I have to deal with unbounded filtrations and I want to use the conditional convergence of the spectral sequences and the results of
(1): J. Michael Boardman, Conditionally Convergent Spectral Sequences, March 1999 (http://hopf.math.purdue.edu/Boardman/ccspseq.pdf)
The article uses cohomological spectral sequences derived from the exact pair resulting from a cochain complex $ C $ and decreasing filtration $ F $ of $ C $. The system of inclusions is $$ A ^ s: = H (F_s C) leftarrow A ^ {s + 1} $$ and the pages are noted by $ E ^ s_r $ for $ s in mathbb {Z} $ and $ r in mathbb {N} $ ($ r $ is the page number and $ s $ the "degree of filtration"). The symbol $ A ^ infty $ denotes the limit and the symbol $ A ^ { infty} $ the colimit. The symbol $ RA ^ infty $ denotes the derived module right of the limit. I work mainly on $ mathbb {R} $.
Here are the two theorems (or their parts) of (1) that interest me:
Theorem 6.1 (p.19): Let $ C $ to be a filtered cochaine complex. Assume that begin {equation} label {Eq: Exit} tag {C1} E ^ s = 0 quad text {for all}
s> 0. end {equation} Yes $ A ^ infty = 0 $, then the spectral sequence
converges strongly towards $ A ^ { infty} $.Theorem 7.2 (p.21): Let $ f: C rightarrow bar {C} $ to be a morphism of filtered cochain complexes and suppose that $ E ^ s $, resp. $ bar {E} ^ s $
conditionally converge to $ A ^ { infty} $, resp. $ bar {A} ^ { infty} $.
Suppose further that begin {equation} tag {C2} E ^ s = bar {E} ^ s =
0 quad text {for all} s <0. end {equation} Yes $ f $ induces the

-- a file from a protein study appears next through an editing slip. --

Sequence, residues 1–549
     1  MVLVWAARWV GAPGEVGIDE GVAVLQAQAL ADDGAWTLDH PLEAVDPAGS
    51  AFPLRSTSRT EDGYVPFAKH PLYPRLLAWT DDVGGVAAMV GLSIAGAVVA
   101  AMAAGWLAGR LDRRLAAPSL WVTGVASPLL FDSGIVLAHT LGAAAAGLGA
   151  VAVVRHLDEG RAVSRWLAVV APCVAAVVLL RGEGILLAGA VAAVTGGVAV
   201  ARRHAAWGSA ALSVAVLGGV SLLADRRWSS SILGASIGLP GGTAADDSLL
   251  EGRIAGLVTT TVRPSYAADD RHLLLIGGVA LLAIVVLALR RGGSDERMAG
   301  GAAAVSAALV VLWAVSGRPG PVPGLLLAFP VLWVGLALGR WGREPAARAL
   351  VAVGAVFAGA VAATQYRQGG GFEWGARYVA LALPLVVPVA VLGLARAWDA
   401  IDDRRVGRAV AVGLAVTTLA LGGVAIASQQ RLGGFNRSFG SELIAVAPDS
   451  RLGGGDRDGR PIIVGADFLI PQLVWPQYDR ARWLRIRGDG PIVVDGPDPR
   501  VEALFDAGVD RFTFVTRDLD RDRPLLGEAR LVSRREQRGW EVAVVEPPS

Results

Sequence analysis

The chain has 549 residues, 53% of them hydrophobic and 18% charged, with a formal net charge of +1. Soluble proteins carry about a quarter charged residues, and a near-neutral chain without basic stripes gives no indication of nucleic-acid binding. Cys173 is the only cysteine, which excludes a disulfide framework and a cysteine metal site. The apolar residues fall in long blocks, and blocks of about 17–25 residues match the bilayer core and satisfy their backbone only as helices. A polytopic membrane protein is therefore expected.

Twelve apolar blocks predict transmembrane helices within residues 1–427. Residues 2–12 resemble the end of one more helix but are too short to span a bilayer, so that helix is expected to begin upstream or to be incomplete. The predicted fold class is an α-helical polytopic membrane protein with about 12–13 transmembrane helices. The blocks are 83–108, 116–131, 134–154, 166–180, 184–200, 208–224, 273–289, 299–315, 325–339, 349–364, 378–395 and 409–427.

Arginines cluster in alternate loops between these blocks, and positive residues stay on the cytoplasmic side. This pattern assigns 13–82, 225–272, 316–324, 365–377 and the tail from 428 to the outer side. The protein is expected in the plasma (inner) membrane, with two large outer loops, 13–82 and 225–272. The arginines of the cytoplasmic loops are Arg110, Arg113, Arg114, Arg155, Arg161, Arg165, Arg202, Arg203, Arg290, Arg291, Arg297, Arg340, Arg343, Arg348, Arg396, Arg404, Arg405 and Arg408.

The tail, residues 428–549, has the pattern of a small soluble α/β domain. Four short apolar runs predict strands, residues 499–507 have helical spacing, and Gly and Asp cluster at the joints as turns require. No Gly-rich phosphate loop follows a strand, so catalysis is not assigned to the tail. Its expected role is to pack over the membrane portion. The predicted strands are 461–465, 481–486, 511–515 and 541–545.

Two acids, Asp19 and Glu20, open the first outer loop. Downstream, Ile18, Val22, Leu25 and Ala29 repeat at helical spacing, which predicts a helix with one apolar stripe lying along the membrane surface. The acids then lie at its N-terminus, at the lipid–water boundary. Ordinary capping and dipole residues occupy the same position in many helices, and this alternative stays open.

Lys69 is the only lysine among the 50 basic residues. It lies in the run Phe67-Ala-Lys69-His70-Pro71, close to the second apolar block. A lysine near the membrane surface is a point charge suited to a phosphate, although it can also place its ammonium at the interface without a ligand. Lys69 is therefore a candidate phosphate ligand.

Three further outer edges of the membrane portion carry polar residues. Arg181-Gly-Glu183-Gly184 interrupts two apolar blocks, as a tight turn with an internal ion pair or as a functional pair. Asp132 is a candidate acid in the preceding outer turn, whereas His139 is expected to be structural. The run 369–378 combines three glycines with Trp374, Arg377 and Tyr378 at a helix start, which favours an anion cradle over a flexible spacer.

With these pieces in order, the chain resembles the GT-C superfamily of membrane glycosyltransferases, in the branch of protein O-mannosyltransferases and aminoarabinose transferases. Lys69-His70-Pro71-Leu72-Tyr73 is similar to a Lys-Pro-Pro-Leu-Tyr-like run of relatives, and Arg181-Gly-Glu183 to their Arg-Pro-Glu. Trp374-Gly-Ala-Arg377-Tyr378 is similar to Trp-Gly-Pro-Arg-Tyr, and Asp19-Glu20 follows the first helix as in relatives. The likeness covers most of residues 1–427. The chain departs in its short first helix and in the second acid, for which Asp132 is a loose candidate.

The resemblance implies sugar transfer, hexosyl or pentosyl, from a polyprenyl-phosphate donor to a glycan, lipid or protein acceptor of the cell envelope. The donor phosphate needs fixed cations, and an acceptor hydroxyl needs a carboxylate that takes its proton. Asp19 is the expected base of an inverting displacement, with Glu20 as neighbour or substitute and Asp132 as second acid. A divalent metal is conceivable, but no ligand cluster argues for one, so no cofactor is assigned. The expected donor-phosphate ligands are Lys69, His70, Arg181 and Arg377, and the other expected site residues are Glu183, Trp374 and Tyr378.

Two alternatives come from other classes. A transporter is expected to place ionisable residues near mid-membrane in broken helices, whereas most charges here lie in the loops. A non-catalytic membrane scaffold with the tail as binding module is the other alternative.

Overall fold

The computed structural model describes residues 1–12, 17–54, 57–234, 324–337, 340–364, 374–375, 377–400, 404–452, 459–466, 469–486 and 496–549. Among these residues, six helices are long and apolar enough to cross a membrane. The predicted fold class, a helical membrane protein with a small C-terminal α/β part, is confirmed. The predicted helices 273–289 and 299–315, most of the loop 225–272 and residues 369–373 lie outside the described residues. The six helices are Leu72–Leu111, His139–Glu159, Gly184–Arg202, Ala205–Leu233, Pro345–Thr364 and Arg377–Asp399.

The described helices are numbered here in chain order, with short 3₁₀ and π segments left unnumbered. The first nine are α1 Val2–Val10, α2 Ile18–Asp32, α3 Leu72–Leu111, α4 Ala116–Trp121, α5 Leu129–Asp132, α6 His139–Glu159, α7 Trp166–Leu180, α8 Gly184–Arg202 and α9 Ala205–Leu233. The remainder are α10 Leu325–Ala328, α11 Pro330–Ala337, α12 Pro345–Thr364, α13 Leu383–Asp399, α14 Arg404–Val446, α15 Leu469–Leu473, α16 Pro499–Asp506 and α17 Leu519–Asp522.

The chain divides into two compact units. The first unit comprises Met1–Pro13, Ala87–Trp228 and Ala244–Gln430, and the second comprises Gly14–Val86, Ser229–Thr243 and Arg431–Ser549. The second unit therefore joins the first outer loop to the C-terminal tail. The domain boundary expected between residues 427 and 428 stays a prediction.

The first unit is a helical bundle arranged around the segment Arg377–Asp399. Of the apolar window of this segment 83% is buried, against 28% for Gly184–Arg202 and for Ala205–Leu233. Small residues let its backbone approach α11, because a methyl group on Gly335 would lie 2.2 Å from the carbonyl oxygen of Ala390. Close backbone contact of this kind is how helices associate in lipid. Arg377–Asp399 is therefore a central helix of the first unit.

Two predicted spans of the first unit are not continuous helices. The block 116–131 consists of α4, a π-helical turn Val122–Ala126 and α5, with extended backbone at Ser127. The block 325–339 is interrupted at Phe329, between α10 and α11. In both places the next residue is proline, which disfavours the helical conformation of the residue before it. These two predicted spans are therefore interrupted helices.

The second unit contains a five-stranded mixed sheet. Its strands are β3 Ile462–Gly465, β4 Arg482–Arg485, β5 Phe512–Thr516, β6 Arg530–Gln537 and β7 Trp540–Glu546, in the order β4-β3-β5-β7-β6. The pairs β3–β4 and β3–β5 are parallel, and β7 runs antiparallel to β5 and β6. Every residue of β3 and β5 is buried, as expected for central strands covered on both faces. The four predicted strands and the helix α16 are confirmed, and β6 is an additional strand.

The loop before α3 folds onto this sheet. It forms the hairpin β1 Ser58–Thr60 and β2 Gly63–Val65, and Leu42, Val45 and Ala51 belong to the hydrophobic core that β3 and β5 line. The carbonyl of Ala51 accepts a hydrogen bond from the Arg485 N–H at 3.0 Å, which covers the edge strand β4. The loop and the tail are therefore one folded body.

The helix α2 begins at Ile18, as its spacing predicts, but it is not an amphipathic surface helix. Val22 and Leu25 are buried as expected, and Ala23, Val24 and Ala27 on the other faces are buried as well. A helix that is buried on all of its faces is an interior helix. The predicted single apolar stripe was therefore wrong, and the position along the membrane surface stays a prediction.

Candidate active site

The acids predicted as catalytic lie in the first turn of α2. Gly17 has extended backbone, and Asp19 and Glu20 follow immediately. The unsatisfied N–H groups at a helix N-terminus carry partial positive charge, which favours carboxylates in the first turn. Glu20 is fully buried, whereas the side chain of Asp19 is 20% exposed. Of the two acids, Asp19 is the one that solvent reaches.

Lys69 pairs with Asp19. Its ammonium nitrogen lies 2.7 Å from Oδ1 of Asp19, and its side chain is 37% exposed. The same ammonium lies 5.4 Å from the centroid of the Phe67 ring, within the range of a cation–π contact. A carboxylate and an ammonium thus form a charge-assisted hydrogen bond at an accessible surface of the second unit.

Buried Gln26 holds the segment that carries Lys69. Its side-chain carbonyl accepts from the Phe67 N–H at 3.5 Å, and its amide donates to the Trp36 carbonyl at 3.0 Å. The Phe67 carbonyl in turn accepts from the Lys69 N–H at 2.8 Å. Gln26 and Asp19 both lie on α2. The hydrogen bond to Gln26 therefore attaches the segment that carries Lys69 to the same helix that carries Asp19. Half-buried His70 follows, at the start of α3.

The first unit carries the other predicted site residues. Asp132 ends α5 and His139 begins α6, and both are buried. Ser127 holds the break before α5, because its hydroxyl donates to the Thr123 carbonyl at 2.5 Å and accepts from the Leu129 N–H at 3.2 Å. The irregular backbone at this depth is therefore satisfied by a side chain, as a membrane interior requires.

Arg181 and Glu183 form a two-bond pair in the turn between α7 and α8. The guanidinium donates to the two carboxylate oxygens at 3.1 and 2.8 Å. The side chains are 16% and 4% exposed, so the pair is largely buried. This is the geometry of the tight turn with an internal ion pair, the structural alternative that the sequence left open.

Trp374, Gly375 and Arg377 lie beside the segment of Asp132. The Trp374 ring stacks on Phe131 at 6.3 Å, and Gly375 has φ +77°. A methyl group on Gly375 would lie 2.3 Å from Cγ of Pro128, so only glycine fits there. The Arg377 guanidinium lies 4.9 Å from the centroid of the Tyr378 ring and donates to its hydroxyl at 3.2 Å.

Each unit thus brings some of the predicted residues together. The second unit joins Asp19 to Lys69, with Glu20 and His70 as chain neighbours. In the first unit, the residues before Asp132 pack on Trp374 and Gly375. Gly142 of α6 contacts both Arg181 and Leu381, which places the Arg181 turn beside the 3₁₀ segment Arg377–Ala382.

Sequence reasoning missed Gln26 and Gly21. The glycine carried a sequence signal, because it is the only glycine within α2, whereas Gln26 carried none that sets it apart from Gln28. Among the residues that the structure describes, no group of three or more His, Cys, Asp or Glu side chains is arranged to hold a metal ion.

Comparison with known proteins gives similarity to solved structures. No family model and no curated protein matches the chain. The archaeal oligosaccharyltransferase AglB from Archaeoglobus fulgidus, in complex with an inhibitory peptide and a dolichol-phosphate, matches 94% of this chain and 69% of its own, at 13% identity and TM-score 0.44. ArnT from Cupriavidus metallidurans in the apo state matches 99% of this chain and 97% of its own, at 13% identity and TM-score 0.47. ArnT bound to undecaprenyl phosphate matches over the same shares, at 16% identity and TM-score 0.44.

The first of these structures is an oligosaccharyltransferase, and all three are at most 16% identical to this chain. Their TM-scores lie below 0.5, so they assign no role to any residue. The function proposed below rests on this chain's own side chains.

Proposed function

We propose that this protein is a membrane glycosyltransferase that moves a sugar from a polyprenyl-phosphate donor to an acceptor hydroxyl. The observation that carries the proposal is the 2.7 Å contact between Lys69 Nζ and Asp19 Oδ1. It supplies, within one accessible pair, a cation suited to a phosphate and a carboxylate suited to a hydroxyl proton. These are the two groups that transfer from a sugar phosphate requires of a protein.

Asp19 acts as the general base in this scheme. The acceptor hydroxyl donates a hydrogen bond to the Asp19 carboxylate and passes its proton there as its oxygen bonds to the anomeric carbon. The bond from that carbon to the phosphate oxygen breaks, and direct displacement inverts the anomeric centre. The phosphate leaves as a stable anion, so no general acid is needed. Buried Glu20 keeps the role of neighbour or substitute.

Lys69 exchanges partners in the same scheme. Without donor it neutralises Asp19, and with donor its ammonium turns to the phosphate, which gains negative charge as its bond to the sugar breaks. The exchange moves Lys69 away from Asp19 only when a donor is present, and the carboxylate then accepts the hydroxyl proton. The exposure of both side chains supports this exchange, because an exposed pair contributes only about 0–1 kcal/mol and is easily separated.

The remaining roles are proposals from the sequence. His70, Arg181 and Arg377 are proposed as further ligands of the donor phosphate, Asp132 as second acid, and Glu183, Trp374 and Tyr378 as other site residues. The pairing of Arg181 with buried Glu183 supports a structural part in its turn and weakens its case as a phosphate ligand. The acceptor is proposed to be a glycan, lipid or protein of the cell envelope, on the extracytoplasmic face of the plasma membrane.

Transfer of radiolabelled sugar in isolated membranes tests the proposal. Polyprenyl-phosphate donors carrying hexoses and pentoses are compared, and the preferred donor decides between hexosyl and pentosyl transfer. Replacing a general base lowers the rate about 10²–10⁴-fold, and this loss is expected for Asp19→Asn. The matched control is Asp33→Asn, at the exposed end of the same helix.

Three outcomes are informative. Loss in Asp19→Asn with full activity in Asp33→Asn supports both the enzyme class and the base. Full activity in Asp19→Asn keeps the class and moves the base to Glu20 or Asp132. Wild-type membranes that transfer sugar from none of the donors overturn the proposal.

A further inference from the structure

isomorphisms $ E ^ infty simeq bar {E} ^ infty $ and $ RE ^ infty simeq
R bar {E} ^ infty $, then he induces isomorphism $ H (C) simeq H ( bar {C}) $.
Let me introduce the standard bigrading (staggered degree) on $ E_r $ and visualize $ E_r ^ {s, d} $ as sitting at the coordinate $ (s, d) $ by plane. The differentials are then
$$ d_r: E_r ^ {s, d} rightarrow E_r ^ {s + r, dr + 1}. $$
My questions are:

How does Theorem 6.1 generalize if (C1) is replaced by the following status of existing differentials?
$$ E_r text {sit down in a halfplane and correct any coordinates} (s, d), text {then all but a lot}} d_r text {from} (s, d) text {leave the half plane} $$ 
How does Theorem 7.2 generalize if (C2) is replaced by the following differential input condition?
$$ E_r text {sit down in a halfplane and correct any coordinates} (s, d), text {then all but a finite number} d_r text {ending in} (s, d) text {start outside the halfplane.} $$
The author of (1) answers the following questions:

On page 19, chapter 6 in parentheses just before Theorem 6.1:
…The
the results are generalized appropriately because all the arguments can be treated in degrees; the
The main difficulty is to find a notation that would help rather than hinder the exposure 
At p.20, chapter 7 brackets a few paragraphs before Theorem 7.2:
… The results remain valid when they are modified appropriately, like all arguments
can be done in degrees; the difficulty is finding the notation
help rather than embarrassment.
How do these theorems become generalized precisely? Has it been done anywhere? Thank you!
P.S. I come from differential geometry and I do not know the proof methods for the spectral sequences at all. I just use it as a black box.